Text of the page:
"That Basra's oil industry is working is what keeps the Iraqi government in business, to the extent that it is in business," said Juan Cole, Middle East expert at the University of Michigan and editor of the Web site Informed Comment. "Were it to be interrupted in the way that the Kirkuk fields production or Kirkuk exports have been interrupted, frequently over the past four years, I think really would have spelled the end of the Iraqi government. So the good news is that they got it working and it is bringing in income."

Working is relative, as is much in Iraq. There is little oversight on the oil, such as metering, and a black market in oil and fuels is booming, "which is going into the hands of parties and their militias," Cole said.

He said the agreement the Basra parties reached last month could be more like "the kind of peace pact that the five mafia families in New York would make, which is to sort of recognize each other's turf."

"The danger is that it could easily break down," Cole added, noting Iraq's military was sent down last year to tamp the upheaval and was immediately sidelined. "Then what could anybody do about it?"

In April, provinces will be allowed to form regions of their own, like the three provinces that make up the Kurdistan Regional Government. It's a date certain to try the tenuous treaty.

"Basra could muddle along or it could easily descend into a spiral of violence that in turn could disrupt the oil production and export in significant ways," Cole said, "which in turn could have a very deleterious effect on the Baghdad government."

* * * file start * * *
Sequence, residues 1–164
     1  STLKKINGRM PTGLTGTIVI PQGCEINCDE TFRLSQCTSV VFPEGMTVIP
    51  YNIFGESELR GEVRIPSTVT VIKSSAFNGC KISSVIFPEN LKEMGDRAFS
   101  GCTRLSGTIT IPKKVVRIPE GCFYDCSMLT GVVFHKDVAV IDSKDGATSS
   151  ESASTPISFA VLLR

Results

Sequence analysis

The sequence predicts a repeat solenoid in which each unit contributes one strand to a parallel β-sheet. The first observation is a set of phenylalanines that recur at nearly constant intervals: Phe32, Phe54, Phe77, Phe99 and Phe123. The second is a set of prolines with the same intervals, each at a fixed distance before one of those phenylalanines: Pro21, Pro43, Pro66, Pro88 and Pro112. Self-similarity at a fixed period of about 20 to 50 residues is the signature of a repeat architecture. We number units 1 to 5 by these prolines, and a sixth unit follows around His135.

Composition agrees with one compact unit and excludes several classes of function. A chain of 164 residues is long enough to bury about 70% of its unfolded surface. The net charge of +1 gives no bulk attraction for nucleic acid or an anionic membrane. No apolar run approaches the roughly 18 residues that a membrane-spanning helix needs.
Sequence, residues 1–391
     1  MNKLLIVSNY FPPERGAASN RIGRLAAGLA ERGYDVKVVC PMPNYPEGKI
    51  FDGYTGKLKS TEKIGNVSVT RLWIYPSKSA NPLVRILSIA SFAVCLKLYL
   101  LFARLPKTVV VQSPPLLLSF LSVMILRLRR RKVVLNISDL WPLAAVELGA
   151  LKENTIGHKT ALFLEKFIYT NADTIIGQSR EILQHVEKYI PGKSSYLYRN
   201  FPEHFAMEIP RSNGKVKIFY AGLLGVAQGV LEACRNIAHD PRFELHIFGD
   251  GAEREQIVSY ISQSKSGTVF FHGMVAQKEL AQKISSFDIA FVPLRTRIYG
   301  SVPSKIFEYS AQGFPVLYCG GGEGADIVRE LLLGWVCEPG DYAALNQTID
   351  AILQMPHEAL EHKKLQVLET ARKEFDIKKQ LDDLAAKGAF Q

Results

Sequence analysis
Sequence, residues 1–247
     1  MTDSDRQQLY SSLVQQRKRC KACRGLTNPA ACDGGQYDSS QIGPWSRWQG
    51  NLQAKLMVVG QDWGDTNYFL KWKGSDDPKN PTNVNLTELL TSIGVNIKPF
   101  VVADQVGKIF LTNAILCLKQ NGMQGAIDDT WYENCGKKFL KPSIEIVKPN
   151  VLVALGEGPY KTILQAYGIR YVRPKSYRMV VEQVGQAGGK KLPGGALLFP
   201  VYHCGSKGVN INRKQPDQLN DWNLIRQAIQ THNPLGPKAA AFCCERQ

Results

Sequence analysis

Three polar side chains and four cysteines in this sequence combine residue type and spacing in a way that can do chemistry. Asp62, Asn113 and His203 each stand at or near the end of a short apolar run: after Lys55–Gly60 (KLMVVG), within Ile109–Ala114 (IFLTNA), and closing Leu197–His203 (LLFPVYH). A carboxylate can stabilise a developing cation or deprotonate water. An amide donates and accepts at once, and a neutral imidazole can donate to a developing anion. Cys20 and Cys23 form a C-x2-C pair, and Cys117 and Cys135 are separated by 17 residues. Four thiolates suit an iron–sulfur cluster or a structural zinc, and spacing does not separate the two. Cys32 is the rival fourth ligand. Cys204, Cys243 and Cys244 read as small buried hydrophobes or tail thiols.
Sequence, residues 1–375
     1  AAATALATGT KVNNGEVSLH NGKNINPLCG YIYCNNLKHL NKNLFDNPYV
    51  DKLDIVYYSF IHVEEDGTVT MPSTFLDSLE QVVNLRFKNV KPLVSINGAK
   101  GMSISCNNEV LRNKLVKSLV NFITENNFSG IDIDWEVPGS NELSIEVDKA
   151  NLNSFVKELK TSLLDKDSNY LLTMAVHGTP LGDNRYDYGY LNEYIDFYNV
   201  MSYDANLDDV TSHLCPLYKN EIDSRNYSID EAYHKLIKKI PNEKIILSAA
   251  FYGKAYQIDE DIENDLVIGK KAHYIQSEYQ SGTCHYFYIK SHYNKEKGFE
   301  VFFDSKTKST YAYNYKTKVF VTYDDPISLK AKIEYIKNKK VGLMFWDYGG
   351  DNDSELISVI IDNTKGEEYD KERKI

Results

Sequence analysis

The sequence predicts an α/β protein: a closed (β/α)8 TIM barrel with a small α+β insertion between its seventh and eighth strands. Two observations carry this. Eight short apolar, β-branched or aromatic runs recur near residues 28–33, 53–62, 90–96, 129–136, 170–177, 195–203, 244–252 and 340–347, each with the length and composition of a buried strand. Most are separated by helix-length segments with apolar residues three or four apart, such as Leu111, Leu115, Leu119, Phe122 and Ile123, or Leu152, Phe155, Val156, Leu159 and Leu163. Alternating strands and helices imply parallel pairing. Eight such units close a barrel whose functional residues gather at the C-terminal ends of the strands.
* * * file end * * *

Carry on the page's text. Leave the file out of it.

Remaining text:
In 2008, when Baghdad isn't looking south, most eyes will be north, where an 11th-hour agreement was reached last month over the fate of Kirkuk. It's a historically Kurdish city, with a sizeable Turkomen population, and was loaded with Sunni Arabs after Saddam Hussein forced Kurds and others out.

Kirkuk's oil reserves are estimated at between 11 billion and 15 billion barrels. The Kurds want it back. The 2005 constitution called for a referendum on the future of Kirkuk and other disputed territories by Dec. 31, 2007, but the political leadership in Baghdad and Irbil, the Iraqi Kurdistan capital, agreed to a delay.

"There's a window of opportunity now for six months," said Joost Hiltermann, the deputy director of International Crisis Group's Middle East program. He said the United Nations' Iraq office will focus on Kirkuk, as will the United States, to head off any breakdown in Iraq's government -- the Kurds are a needed coalition partner -- or an increase in violence.

Parliament held a tense session over the issue Thursday, the Voices of Iraq news agency reports.

The Kurdistan Regional Government has taken a hard line with Baghdad on this issue as well as other disputes over control and direction of Iraq's oil sector. Baghdad says the KRG's regional oil law and unilateral oil deals with foreign oil firms are illegal. But the Kurds maintain their semiautonomy gives them the right to develop an extremely potential but as yet undiscovered crude bonanza in their northern territories without central control.

In Kirkuk, as in Basra, power over crude equals power absolute, and the first six months of 2008 could largely determine Iraq's fate.